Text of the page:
As a refutation of your claim "but it is sort of owned by one side." i submt the aftermath of the 1965 Canadian flag debate Then PC Leader John Diefenbaker made much of the Liberal choice not to incorporate "PC blue" in the flag, choosing instead a flag exclusively white and "Liberal red". Once the flag was officially adopted however, the other major parties quite contentedly accepted the imagery:

Then NDP Leader Jack Layton addressing Party Convention: enter image description here

Leaders Peter McKay (PC) and Stephen Harper (Reform) announcing the merger of their parties: enter image description here

Note: Yes, it's not a coincidence; in Canada you can almost always identify a politician's party by his tie; particularly at important events or occasions. Note Layton's orange tie, McKay's blue tie, and Harper's green tie in the pictures above.


Let me present a specific example from Central Europe.

The Árpád-stripes:

banner with silver-red stripes

Originally it was the heraldic device of the Árpád-dynasty. Of course there were no nations of the modern sense in the medieval times, and the Kingdom of Hungary had a different flag, but still, considering that the Árpáds ruled Hungary for more than 300 years, it became quite a symbol.

It even made into the coat of arms of modern Hungary:

coat of arm of Hungary

Yet, after it was part of the banner of the Nazi-like fascist Arrow Cross Party during the Second World War, it was never officialy used in its "pure" form.

It is nowadays used by right wing nationalists, who think it embodies an old tradition of Hungary, and claim that the form used by the fascists was different. (it had 9 stripes instead of 8) But you would never see a leftish Hungarian wearing it it.


Pretty much every national symbol stems from partisan/patriotic sentiment. That's how they became national symbols in the first place, they have over time become synonymous with a country.

So in your specific case (as in most all of them) it's the other way around from what you're trying to say, the US flag isn't partisan, it's a symbol of patriotism and the left has lost that, they're no longer patriotic and therefore have abandoned the flag rather than the right adopting it. It would be silly for a democrat to walk around with a US flag while screaming how bad the USA is and how disgusted she is to be an American (I've seen it way too much), just as it would be silly for a republican to wave around a communist Chinese flag and shout how much they love communism.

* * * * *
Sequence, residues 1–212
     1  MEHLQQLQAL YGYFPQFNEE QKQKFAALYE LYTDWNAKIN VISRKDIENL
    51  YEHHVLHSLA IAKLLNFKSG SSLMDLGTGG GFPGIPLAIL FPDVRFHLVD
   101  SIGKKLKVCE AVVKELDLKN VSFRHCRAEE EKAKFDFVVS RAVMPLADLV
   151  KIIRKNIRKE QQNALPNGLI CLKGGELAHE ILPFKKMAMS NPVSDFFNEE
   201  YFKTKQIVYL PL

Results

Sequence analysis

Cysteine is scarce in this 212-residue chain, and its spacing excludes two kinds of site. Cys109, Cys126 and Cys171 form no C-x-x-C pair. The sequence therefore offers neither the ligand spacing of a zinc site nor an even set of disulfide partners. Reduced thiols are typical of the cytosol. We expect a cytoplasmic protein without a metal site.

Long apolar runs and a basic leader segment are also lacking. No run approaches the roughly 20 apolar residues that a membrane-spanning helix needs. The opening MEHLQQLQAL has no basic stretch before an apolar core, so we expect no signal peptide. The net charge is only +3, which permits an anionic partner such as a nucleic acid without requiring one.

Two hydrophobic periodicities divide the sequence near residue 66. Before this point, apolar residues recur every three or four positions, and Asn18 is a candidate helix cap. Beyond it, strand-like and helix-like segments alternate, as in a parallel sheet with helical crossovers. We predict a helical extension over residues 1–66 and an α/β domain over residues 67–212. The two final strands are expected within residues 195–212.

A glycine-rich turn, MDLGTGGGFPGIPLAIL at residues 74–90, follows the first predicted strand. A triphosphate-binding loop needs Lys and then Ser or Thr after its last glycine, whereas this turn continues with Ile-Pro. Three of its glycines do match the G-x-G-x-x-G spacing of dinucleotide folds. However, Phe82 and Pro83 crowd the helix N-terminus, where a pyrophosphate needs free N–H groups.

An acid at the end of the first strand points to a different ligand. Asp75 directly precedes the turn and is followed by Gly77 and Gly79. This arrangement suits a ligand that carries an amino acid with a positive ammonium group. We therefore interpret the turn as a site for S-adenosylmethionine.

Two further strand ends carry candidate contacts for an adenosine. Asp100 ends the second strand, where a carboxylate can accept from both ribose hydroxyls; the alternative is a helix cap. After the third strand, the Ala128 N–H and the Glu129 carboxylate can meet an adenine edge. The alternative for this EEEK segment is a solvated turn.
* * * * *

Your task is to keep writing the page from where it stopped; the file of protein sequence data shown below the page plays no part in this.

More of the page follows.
• 3
    I agree with your first paragraph. The second paragraph is less defensible; more appropriate for the pub and pretzels forum than H:SE.
    – MCW
    Jul 5 '18 at 11:06
  • 3
    So criticizing a country is incompatible with patriotism? Curious. Maybe the word you were looking for is Chauvinism?
    – SJuan76
    Jul 5 '18 at 12:52
  • 1
    Do you have any evidence to back up your curious claim that liberals cannot be patriots? H:SE is no place for unfounded claims. Unless you amend this, I have to downvote your answer.
    – 0range
    Jul 5 '18 at 14:43
  • 3
    FWIW: I saw people waving US flags at every protest march I participated in since Trump was elected. The second paragraph seems to be more about the poster's views than reality. Jul 6 '18 at 0:53
  • 2
    Also, I think the French flag(s) in the revolutionary and restoration periods in France are the best example of flags both going from partisan -> national and going from national -> partisan. Jul 6 '18 at 0:59

I would argue that at least in the United States southern conservatives traditionally drape themselves in the flag to show their patriotism. There is a public display factor in the practice. Perhaps this is the nature of conservatism, which cherish history and it's symbols rather than more forward looking expressions of patriotism. Perhaps this is a genuine attempt to appeal to all Americans across the political spectrum calling upon a symbol both parties share and honor. Perhaps this is a legacy of Southern Conservatives who still have a bit of a chip on their shoulder over their once lapse in patriotism from the mid 1800s. An attempt to inoculate themselves from patriotic criticism on historic grounds. Likely it's more than a single reason depending upon the individual. Still when Southern Conservatives were Democrats the Democrats were the party of the flag.

81st Congress (January 3, 1949, to January 3, 1951)

Southern Conservatives left the Democratic Party due to deep disagreement with President Johnson's policies in the 1960's, and the GOP became their new home, and the new party of the flag.

In 2008 Presidential run, then Democratic Senator Barak Obama faced repeated questions over his patriotism including a question during a national televised debate (April, 2008) hosted in Philadelphia over his lack of an American Flag lapel pin.